By Laura Scaletti
Portraits by Kristin Lee
Elyse Hart owes her life today to hope, perseverance, love and most of all, horses. From her first pony ride at age 4, Elyse ate, slept and breathed all things equine. Simply put, she was hooked on horses.
That passion would persist in full force until puberty hit, when Elyse found a new way to feel on top of the world: alcohol and drugs. These new addictions eventually caused Elyse to turn her back on her loved ones and her beloved horse Pebbles, and almost cost Elyse her life.
Today, with more than five years of sobriety behind her, Elyse is living a life she almost missed out on. “If you had told anyone I loved five years ago that I would be living this beautiful life today, I don’t think anyone would have believed you, especially myself,” Elyse said. “I was so lost in my disease; today my life is the polar opposite. I’ve reconnected with my loved ones, started a family and am able to chase my horse girl dreams.”
Adopted at birth, Elyse immediately had two loving parents. “The most normal thing that’s ever happened to me was being adopted by a lesbian, Jewish couple,” Elyse laughed.
Dedicated to Elyse’s happiness, her mothers immediately signed Elyse up for riding lessons after a birthday party pony ride. “My first memory is my instructor, Gayle, telling me to take my pacifier out as I would mount up — I wasn’t too thrilled with that direction,” Elyse said. “Pretty soon the lives of my mothers and myself were run by the horse.”
A true barn rat, Elyse rode nearly every day of the week and all weekend. It didn’t matter if she was doing dressage, eventing, gymkhana or jumping, Elyse loved riding and spending time with horses and her fellow barn rats. “Summers were spent at horse camp, having sleepovers at the barn and playing games on horseback,” she said.
While Elyse struggled with paying attention in the classroom, learning while in the saddle really clicked. “Riding made me feel so confident. I was one of the most advanced riding kids at the barn, so my trainers would depend on my grittiness to help others when their horses were being difficult,” Elyse said.
At 10 years old, Elyse’s mothers made her horse-owning dream a reality. “After I’d leased two ponies, my parents and trainers decided it was time for me to get a horse of my own, named Pebbles. She was 2 and not yet broke to ride. We developed quite a bond,” Elyse said.
All the love in the world nor a horse of her own could prevent Elyse from feeling uncomfortable in her own skin as she entered her teenage years. At 13, Elyse started drinking, caught her first buzz and felt a relief she had never before experienced.
“When I drank, I felt taller, skinnier, prettier and thought, This is what I’m missing in my life. I literally thought everyone else felt like this all the time and I was missing that piece unless I drank,” Elyse said. “As confident as I had felt as an equestrian, the alcohol made me feel that 10 times over.”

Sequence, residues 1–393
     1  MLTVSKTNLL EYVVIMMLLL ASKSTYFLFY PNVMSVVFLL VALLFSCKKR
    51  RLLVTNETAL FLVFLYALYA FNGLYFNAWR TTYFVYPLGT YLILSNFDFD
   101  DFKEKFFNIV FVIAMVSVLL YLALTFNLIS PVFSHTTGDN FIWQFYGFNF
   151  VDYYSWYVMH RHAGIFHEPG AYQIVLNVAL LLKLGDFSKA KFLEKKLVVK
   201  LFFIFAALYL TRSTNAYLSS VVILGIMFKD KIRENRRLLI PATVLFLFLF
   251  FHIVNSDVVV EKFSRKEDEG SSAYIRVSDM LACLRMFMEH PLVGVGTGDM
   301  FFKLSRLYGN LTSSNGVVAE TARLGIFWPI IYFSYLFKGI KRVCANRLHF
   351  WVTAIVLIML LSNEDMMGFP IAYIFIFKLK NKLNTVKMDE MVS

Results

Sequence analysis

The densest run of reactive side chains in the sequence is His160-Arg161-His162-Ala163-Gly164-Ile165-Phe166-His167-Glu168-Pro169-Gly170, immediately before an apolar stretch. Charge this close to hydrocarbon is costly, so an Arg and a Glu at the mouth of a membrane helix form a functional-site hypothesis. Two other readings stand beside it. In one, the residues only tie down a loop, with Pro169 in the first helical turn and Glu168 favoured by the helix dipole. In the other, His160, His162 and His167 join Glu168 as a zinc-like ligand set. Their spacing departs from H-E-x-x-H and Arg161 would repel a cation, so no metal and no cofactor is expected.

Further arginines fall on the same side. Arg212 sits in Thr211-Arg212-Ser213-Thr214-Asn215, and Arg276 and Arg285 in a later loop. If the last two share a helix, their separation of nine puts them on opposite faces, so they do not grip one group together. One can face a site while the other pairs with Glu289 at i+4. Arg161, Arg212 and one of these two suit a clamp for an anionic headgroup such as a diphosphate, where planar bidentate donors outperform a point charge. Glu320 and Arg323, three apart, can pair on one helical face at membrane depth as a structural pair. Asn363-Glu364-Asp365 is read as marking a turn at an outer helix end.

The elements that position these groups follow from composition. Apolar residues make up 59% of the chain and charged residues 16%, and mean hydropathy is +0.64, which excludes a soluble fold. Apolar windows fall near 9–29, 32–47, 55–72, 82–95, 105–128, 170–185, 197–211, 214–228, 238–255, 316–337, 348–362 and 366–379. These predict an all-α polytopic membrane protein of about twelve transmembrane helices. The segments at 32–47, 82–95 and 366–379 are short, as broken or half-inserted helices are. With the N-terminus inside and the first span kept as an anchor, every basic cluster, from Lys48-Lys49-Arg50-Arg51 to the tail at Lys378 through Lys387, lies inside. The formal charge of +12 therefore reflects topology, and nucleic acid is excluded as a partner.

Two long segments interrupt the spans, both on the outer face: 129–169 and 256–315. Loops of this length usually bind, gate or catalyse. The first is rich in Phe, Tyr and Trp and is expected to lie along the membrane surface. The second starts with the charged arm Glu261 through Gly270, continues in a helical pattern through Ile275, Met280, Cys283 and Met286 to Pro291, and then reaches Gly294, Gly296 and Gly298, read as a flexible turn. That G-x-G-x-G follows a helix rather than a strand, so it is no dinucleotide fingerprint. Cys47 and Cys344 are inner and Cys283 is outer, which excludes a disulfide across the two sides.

Horses quickly lost their allure and Elyse got more involved in the social aspect of high school. Elyse started using marijuana in addition to drinking whenever she could get her hands on alcohol. “Whenever I start to share my story I say, ‘You know, I got in with a bad crowd.’ But I didn’t get in with a bad crowd — I was the worst in the crowd,” Elyse laughed.
Elyse’s mothers quickly had enough of this behavior and sent her packing to a wilderness program in Utah for 72 days, followed by boarding school in Arizona for a year.
“It was at boarding school I was introduced to a 12-step program and began to understand I have an allergy to alcohol that happens to me that doesn’t happen to normal people. When I drink it causes a craving for more and more and more,” Elyse said.
Once Elyse returned home — to homeschool, because her mothers weren’t taking any chances of reuniting with her old crew — she dove headfirst into riding again. “As soon as I put my foot in the stirrup, I felt home again and everything felt right in the world,” Elyse said.
Unfortunately, Elyse’s first bout of sobriety didn’t last long and she once again abruptly gave up on Pebbles. “I would go through the duality of having a positive and healthy connection from riding and get confidence from that estimable act. Then I would flip over to darkness and relief from drugs and drinking,” she said.
After a while, drinking and marijuana wasn’t cutting it for Elyse anymore. Enter heroin.
“Heroin helped me stop drinking. My poor family couldn’t smell alcohol on me and thought I had gotten sober, so I thought it was great. It was like,
Yes Elyse, you stopped drinking, but you’re on heroin now. That’s the insanity of this disease, I thought heroin was a solution,” she said.
Still, Elyse would have fleeting moments of sobriety, where she reunited with Pebbles and once again regained the healthy confidence that came from being with horses. But that wasn’t enough to satisfy her, and heroin kept calling her name.
Everything came crashing down when Elyse nearly died from endocarditis, an infection in her heart caused by her IV drug use, and sepsis. At 24, she underwent emergency open heart surgery to replace the tricuspid valve that was damaged.
“My body literally couldn’t take any more and that’s when I had to choose life or death. I felt like if I was going to be miserable using or being sober, I might as well give being sober a shot,” Elyse said. “Even though I was dying, I still had three relapses after my open heart surgery, two from heroin and one on alcohol. Luckily, the universe opened its graces to allow me to have one more chance.”